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Tips for booking hotel rooms for large families

Aug. 11, 2021
10 min read
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Once you get the hang of it, booking travel with points and miles for only one or two people isn’t too tricky. But when you’re trying to make reservations for three, four or more people at a time, things get complicated.

That’s my family’s reality. We don’t just have a couple of children — we have six kids ranging in age from 9 to 21. Having a large family doesn’t mean that travel is off the table, but it does mean we have to plan and search for awards in ways that are very different from those booking solo trips or romantic getaways for two.

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The whole “crew” at the Frontier Airlines hangar in Denver.

Booking hotel rooms for families of four or fewer

Things get a little complicated if you book hotel rooms for three or four people, but it is still fairly manageable, especially if you're traveling domestically. Most hotels in the United States will allow children under 18 to stay for free in a room with their parents and have occupancy that can support at least two adults and two children.

As an aside, it drives me a little crazy that some hotel chains require you to enter the ages of your children when making any type of reservation when it has no impact on pricing and it slows down the whole process.

(Screenshot courtesy of Hyatt.com)

C’mon, Hyatt — why is this necessary?

Things get more difficult if you are traveling internationally, as many hotel rooms in Europe and other parts of the world charge more for extra occupants. Many international hotels are strict in this department and have occupancy limits that can top out at two or three people, including children.

I’ve heard horror stories from people who have not been 100% accurate on their reservations while traveling internationally. They’ve been forced to pay additional charges (sometimes quite hefty) to check in to the hotel. I would not mess around with the occupancy numbers at all when traveling internationally.

Related: The best hotels for families you can book with points

Booking hotel rooms for families of five

When you add a fifth person to your hotel booking, things get more complicated, but you’re still often able to find standard rooms in some hotels that will fit your family, at least within the United States.

One factor that may come into play is the age of your children and where they will sleep. My younger kids are fine sleeping on the floor, or we will occasionally bring sleeping bags for them, so they have the option to not share a bed with a sibling.

If you are a family of five, look for hotels with the word “suite” in the name. Think: Candlewood Suites, Country Inn and Suites, Embassy Suites — the list goes on. You can often find standard hotel rooms that fit a family of five at properties like these, usually with two double beds and a sofa bed.

Different hotel chains have different rules on whether their suites are bookable online. With Marriott, you typically have to call to book a suite using points, while Hyatt, IHG, Hilton and Radisson will show larger rooms as bookable online.

I’ve found Hyatt to be the chain that frequently offers larger rooms at a reasonable award cost. I will generally book the standard room on points for other chains and then try to get upgraded either for free or by paying a cash co-pay. We’ll get to that in a minute.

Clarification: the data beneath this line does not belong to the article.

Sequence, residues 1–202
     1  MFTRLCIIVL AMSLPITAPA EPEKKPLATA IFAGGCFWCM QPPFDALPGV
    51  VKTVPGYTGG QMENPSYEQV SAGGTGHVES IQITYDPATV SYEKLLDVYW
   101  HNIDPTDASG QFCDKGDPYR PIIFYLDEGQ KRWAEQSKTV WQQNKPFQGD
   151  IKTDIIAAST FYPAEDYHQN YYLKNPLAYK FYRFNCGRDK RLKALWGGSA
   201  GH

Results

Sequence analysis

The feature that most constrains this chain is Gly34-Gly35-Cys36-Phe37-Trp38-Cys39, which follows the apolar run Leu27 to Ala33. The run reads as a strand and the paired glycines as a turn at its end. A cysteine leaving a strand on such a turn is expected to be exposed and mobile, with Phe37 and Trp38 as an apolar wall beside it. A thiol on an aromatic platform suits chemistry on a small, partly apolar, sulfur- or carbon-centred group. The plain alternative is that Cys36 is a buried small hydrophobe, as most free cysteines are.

Related: 10 lessons from 10 years of traveling with kids

Booking hotel rooms for families of six or more

For larger families, things get complicated and expensive. When my kids were younger, we may or may not have viewed occupancy limits as, well, suggestions from time to time.

However, now that the children are older, we have two main options for using our points to book hotel rooms. We can find a room in a “suites” hotel that sleeps eight, or we can book two rooms.

(Photo by Jasper Cole/Getty Images)
(Photo by Jasper Cole/Getty Images)

We use either strategy interchangeably, depending on the hotel or the destination. For our last family trip to Nauvoo, Illinois, for example, we stayed one night at the Residence Inn Peoria in a two-bedroom suite that slept eight for 15,000 Marriott points.

On the drive back, we spent two nights at the Hampton Inn Keokuk in two rooms for 10,000 Hilton Honors points per room.

One thing we are always looking for when we choose to book two rooms is adjoining rooms — rooms that share a connecting door. I know many travelers don’t enjoy adjoining rooms because it might mean you’re sharing a door with a stranger, and there may be noise issues. For me, it means the difference between sharing a bed with my wife or sharing a bed with a wiggly nine-year-old.

We always call and ask the hotel for adjoining rooms. While they rarely guarantee it, they usually accommodate us if they can. I have roughly a 50% to 60% success rate in securing adjoining rooms when requested, so it’s possible — but certainly not promised.

If we have adjoining rooms, we will usually take one room for my wife and me and one room for the kids (something we don’t feel comfortable doing if the rooms are completely separate).

Related: Why I prefer limited-service hotels over luxury chains

Best hotel chains for large families

My favorite hotel chains for larger families are the ones that comfortably accommodate our family of eight. I’ve had the best luck with the following:

These are the chains I have found most frequently offer a suite with a door that closes the bedroom off from the rest of the hotel room. This is super important for families with young kids who have early bedtimes, since it means when the kids go to bed, everyone has to go to bed.

Other hotel chains with “suite” in the name such as Candlewood Suites, Country Inn and Suites or Embassy Suites typically have an area partially separated by a wall and aren’t always true suites.

Vacation rentals and other options

While it is not the primary focus of this guide, I want to briefly mention another option for large families.

Vacation rentals can be a smart way to book a family vacation on points. For example, Wyndham Vacation Resorts charge a flat 15,000 points per night per bedroom, and there are some good values to be had here. You can also use Marriott points to book multi-bedroom units through the Marriott Vacation Club program.